The searing conclusion of the thrilling epic fantasy trilogy that saw a young girl trained by an arcane order of nuns grow into the fiercest of warriors...
They came against her as a child. Now they face the woman.
The ice is advancing, the Corridor narrowing, and the empire is under siege from the Scithrowl in the east and the Durns in the west. Everywhere, the emperor’s armies are in retreat.
Nona Grey faces the final challenges that must be overcome if she is to become a full sister in the order of her choice. But it seems unlikely that she and her friends will have time to earn a nun’s habit before war is on their doorstep.
Even a warrior like Nona cannot hope to turn the tide of war.
The shiphearts offer strength that she might use to protect those she loves, but it’s a power that corrupts. A final battle is coming in which she will be torn between friends, unable to save them all. A battle in which her own demons will try to unmake her.
A battle in which hearts will be broken, lovers lost, thrones burned.
About the Author
Mark Lawrence was born in Champaign-Urbana, Illinois, to British parents but moved to the UK at the age of one. After earning a PhD in mathematics at Imperial College London, he went back to the US to work on a variety of research projects, including the “Star Wars” missile-defense program. Since returning to the UK, he has worked mainly on image processing and decision/reasoning theory. He never had any ambition to be a writer, so he was very surprised when a half-hearted attempt to find an agent turned into a global publishing deal overnight. His first trilogy, The Broken Empire, has been universally acclaimed as a groundbreaking work of fantasy, and both Emperor of Thorns and The Liar’s Key have won the David Gemmell Legend Award for best fantasy novel. Mark is married, with four children, and lives in Bristol.
Read an Excerpt
Markus had grown beyond Nona's expectations. She remembered a fierce spiky-haired farm boy who had welcomed her to Giljohn's cage by demanding her age and had appeared to find comfort in establishing his seniority over her. A bad beginning, but his affection for the child-taker's mule had softened her opinion of him by the end of their journey. Now he stood a solid six foot two, handsome in a friendly way, a face that would laugh with you. The black hair had been tamed with oil and lay flat to his skull in the way of monks. The only sign of the boy from the cage was a sharpness to his features and a quickness in the dark eyes that studied her.
Nona had wrapped her cloak around her once more. Sweat stuck the material to her back, making her uncomfortable, or perhaps that was just the frankness of Markus's regard. She offered a smile in return for his and hugged her hands under her arms. Her knuckles ached from repeatedly punching Denam. Nona was sure she'd punched practice timbers that were softer than the gerant's side. She felt good, though, her body glowing, her step so light that with a little effort she might just shrug off gravity entirely.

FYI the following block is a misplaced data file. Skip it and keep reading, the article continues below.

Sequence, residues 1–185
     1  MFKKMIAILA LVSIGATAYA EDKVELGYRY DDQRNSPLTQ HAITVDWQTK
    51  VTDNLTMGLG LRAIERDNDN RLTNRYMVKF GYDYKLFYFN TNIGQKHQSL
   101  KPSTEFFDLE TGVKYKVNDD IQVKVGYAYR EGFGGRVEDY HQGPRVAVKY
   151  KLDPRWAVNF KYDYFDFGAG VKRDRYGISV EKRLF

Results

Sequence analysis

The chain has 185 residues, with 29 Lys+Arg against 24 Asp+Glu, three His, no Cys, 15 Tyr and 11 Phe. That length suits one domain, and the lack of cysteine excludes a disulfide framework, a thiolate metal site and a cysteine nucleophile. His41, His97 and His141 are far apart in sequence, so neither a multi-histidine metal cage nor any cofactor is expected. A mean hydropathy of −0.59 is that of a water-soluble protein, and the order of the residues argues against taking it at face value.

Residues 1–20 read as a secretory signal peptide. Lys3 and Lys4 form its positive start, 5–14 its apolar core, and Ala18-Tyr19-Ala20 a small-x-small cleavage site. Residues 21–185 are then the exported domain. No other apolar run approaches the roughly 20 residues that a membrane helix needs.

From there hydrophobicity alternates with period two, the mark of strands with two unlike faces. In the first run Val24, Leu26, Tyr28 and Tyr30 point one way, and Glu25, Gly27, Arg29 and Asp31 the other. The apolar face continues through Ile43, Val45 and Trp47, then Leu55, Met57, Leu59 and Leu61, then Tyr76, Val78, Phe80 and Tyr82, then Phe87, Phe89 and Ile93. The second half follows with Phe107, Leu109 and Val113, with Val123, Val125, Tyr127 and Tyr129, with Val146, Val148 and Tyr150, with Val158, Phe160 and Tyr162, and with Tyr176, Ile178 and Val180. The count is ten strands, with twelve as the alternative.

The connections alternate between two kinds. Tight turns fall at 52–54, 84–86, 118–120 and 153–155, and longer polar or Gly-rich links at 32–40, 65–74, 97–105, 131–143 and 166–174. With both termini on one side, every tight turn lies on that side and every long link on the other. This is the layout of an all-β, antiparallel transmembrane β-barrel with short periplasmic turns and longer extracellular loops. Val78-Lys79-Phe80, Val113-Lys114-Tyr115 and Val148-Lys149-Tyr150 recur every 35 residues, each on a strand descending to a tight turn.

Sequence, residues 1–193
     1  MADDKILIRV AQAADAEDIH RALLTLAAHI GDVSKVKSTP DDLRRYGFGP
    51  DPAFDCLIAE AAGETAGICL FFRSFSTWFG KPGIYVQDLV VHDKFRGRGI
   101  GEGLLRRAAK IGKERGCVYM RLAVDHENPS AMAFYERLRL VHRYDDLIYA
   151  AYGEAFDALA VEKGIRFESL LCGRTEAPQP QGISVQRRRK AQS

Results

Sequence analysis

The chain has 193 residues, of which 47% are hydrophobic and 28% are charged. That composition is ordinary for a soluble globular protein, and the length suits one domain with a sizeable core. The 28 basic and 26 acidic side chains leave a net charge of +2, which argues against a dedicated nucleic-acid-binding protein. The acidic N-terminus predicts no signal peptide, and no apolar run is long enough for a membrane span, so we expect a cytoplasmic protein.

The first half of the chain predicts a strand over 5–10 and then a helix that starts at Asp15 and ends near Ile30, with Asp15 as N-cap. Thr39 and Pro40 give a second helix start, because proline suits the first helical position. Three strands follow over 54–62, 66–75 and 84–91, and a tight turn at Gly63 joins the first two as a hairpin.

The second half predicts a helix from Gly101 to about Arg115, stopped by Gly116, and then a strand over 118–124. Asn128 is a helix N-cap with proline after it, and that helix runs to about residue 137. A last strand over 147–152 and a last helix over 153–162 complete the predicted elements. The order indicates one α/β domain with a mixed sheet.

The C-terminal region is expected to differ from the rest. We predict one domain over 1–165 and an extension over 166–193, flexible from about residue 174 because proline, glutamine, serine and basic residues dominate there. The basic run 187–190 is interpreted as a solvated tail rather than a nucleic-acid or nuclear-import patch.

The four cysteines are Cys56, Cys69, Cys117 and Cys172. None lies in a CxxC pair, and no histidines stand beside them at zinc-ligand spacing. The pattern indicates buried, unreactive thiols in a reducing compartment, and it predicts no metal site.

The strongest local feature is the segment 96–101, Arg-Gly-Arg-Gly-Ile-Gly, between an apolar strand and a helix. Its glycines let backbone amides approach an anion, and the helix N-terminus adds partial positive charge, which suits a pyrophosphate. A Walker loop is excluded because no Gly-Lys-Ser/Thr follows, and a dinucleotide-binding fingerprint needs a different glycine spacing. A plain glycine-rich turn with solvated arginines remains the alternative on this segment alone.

She leaned in. "Let's talk outside."
Markus nodded. They pushed a path towards the main doors. Already the Caltess's patrons were flocking back to the other ring. A couple of hulking apprentices were helping Denam over the ropes of the first.
"I'm surprised the convent lets novices come down here to fight," Markus said behind her.
"They don't." Nona slipped between the doors as they opened to admit more thrill-seekers.
"Why did you-" Markus broke off to draw his robes around him, the black habit of a holy brother. He followed her out into rain-laced wind, a loud brrr escaping at the cold shock of it.
"An old dispute that needed settling," Nona said. It was partly true. Mostly she had wanted to hit someone, hard, again and again. Markus probably knew that already; classified church reports named him as one of the most effective marjal empaths currently in the Ancestor's service.
Nona led Markus around the corner of the great hall where they would be sheltered from the gale. The walls loomed dark above them, the sky crossed with tatters of cloud beneath the crimson spread of a thousand dying stars.
"Why did you want me? Send the message, I mean?" Markus seemed less sure of himself than she had expected. Someone who could read her like a book should be more confident. She certainly wished her own empath skills would tell her more of his mood than she could glean from the intensity of his stare or the tight line of his lips.
"That day at the Academy." The words blurted from her. "Did you make that girl attack me?" Nona forced her mouth closed. She had had it all planned out, what she would say, how, when. And now her idiot tongue had cut through all of it.
"She . . . she was already attacking you." Guilt came from him in waves.
"She was using the darkness to scare me. Or trying to. But then she went mad." Nona remembered how an animal fury had risen across the girl's face. "You did that!"
"I did." A frown now, his brow pale and beaded with rain.
"She tried to shadow-rend me. I could have been torn apart!"
Markus raised his hands. "I made her angry. I didn't know she could do that."
"Well, she could!" Nona felt her own anger rising from the well she'd thought emptied in the ring.